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ASCE 7-10, MWFRS Wall Loads on OPEN building?

ASCE 7-10, MWFRS Wall Loads on OPEN building?

(OP)
This may seem like an oxymoron (wall wind loads on an open building), but sometimes this can occur.
I would like to understand which equations to use for elements and system using for MWFRS?
(btw, I'm using Directional - Part 1)

Section 27.4.3 "Open Buildings with ..." sounds like the right approach, but when I review equation (27.4-3) it appears to be aimed at ROOF pressures (due to the use of qh, not qz; & the CN coefficient appears to revolve around roof geometry exclusively)

Section 27.4.1 "Enclosed & Partially Enclosed.."'s equation of (27.4-1) seems like it would make more since once the internal pressure portions are omitted. However the NAME of the section doesn't seem to be supportive of this approach AND the table I would use to derive Cp (Figure 27.4-1) denotes "Enclosed, Partially Enclosed Buildings" (no love for Open structures?).

I've searched around the forum and seems like some designers using the minimum design wind loads (section 27.4.7) but that seems like a cheap way out.

Thanks,

RE: ASCE 7-10, MWFRS Wall Loads on OPEN building?

I would tend to use free-standing wall loads. I don't know what table/section this is in ASCE 7-10, but was 6.5.14/Figure 6-20 in ASCE 7-05.

RE: ASCE 7-10, MWFRS Wall Loads on OPEN building?

ASCE 7-10 Section 27.4.3 indicates that for walls that could be deemed "fascia panels", which I take to mean partial height walls suspended from the roof plane as opposed to running from ground to eave, should be considered as an inverted parapet, i.e., use parapet loadings with forces on both the front and the back of each wall. (See Section 27.4.5)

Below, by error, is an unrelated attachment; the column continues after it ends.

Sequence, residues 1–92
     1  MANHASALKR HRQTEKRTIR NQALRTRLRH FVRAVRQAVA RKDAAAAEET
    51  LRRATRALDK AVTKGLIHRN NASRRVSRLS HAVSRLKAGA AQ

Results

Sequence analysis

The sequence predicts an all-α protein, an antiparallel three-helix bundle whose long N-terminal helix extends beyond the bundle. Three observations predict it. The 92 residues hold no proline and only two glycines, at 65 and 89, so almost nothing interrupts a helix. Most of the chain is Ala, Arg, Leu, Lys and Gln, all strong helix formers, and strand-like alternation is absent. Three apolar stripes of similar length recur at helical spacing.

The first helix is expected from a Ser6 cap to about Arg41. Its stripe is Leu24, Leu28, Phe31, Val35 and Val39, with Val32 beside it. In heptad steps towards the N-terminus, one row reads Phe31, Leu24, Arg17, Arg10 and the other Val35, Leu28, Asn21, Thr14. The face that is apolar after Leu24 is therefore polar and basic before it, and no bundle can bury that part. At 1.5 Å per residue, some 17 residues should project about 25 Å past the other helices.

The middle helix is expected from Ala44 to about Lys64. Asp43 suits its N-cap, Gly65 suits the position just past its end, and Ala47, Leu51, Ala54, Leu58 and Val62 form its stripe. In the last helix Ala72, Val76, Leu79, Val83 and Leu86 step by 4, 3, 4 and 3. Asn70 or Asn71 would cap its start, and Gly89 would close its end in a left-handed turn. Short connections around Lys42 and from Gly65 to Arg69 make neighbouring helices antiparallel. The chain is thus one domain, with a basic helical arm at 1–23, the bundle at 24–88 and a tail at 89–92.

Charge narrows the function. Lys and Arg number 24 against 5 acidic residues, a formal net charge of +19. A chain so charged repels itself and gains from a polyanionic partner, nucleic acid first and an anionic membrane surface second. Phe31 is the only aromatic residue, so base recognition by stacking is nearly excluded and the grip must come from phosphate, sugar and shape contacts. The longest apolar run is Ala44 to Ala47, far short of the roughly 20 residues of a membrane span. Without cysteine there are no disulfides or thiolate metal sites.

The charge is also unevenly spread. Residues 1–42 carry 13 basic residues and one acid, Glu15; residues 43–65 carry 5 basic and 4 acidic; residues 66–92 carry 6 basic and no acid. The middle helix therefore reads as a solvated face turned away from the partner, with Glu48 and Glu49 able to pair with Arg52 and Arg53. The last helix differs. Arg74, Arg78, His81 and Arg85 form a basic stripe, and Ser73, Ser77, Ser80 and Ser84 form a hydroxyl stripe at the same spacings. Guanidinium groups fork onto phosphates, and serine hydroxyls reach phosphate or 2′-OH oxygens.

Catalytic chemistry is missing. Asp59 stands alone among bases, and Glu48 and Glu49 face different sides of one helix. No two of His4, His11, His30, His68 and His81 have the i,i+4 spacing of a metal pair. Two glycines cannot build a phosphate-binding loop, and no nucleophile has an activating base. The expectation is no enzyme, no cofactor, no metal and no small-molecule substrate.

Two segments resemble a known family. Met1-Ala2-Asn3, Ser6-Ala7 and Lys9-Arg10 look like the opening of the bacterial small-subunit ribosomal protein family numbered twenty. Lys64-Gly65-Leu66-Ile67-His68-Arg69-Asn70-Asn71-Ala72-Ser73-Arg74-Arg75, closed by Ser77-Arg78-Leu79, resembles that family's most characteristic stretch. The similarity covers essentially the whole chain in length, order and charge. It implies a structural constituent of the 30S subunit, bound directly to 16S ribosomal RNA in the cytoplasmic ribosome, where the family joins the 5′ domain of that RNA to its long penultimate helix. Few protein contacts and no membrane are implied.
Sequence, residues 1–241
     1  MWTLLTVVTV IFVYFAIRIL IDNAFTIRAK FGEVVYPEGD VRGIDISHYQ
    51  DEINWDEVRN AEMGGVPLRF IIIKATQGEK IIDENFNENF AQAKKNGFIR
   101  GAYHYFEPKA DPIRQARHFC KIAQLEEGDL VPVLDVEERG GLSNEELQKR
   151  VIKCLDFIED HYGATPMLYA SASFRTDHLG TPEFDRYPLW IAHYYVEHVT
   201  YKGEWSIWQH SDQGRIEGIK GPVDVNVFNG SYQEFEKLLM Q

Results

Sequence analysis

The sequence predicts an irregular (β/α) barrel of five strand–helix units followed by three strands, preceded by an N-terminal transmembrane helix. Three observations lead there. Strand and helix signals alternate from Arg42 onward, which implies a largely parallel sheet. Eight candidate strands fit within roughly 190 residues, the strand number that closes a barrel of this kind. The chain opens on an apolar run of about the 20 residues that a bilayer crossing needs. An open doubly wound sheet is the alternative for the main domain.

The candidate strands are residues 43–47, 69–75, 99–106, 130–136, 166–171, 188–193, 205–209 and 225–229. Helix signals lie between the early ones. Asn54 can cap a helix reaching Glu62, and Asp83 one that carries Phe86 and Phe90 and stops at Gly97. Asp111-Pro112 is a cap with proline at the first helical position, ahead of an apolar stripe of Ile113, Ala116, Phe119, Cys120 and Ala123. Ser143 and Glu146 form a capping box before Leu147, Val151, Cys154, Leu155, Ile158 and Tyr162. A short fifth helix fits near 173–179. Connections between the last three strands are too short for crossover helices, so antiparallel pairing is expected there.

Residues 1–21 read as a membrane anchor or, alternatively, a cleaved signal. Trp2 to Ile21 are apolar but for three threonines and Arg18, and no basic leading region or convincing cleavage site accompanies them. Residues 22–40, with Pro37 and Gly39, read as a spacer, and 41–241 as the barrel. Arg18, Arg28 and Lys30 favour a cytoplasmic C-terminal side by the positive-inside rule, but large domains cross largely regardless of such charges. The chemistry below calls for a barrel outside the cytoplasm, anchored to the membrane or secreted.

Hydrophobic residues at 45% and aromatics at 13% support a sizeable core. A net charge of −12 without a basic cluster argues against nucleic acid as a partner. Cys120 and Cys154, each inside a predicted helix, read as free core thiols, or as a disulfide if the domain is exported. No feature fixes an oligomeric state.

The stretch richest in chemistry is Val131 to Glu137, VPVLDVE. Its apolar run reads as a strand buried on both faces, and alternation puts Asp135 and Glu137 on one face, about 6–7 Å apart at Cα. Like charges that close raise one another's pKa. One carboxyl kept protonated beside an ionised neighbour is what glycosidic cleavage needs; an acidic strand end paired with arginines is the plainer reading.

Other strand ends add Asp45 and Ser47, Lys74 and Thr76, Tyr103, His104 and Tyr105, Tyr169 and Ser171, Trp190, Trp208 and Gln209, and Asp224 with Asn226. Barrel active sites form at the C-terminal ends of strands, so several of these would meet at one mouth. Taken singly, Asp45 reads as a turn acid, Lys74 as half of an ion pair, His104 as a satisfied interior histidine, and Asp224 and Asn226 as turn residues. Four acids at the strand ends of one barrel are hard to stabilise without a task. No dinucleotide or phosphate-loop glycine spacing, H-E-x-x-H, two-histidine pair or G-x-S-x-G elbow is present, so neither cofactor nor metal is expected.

RE: ASCE 7-10, MWFRS Wall Loads on OPEN building?

(OP)
Great feedback guys.

Mark, your method/model makes sense. However, I feel the thin/planar sign may not develop the same leeward forces as the depth of a full building.

ajh1, I like your method too. I like that its at least mentioned within the body of a section where this formula should be noted. I think its sad on ASCE's behalf that we have to "reason-out" this approach. much like the sign model, I'm not sure the planar volume of a parapet is quite like a building's? However, I think I'll run with this method. I think I'll tweak the formula for parapets a bit. Instead of using qp (at the TOP of the parapet), I'll evaluate the full height and figure the differing pressures using qh.

I'm writing an excel worksheet for winds of ASCE 7-10. think i'll compare the pressures derived from this varying height parapet method vs. the typical Enclosed formula (eq.27.4-2) while omitting the internal pressure portions (as i mentioned in the orig post). see what happens...?

not closing this post -- still open to feedback!

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